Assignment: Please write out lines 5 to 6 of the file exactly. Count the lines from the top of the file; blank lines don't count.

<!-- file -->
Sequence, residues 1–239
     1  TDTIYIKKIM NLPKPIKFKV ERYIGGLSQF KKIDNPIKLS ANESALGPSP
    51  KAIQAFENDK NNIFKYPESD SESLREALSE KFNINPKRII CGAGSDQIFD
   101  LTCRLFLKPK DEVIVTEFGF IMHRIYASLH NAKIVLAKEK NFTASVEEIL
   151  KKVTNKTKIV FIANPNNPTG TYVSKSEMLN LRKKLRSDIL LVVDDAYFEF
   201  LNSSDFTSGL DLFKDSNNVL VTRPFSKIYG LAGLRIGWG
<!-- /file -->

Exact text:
   151  KKVTNKTKIV FIANPNNPTG TYVSKSEMLN LRKKLRSDIL LVVDDAYFEF
   201  LNSSDFTSGL DLFKDSNNVL VTRPFSKIYG LAGLRIGWG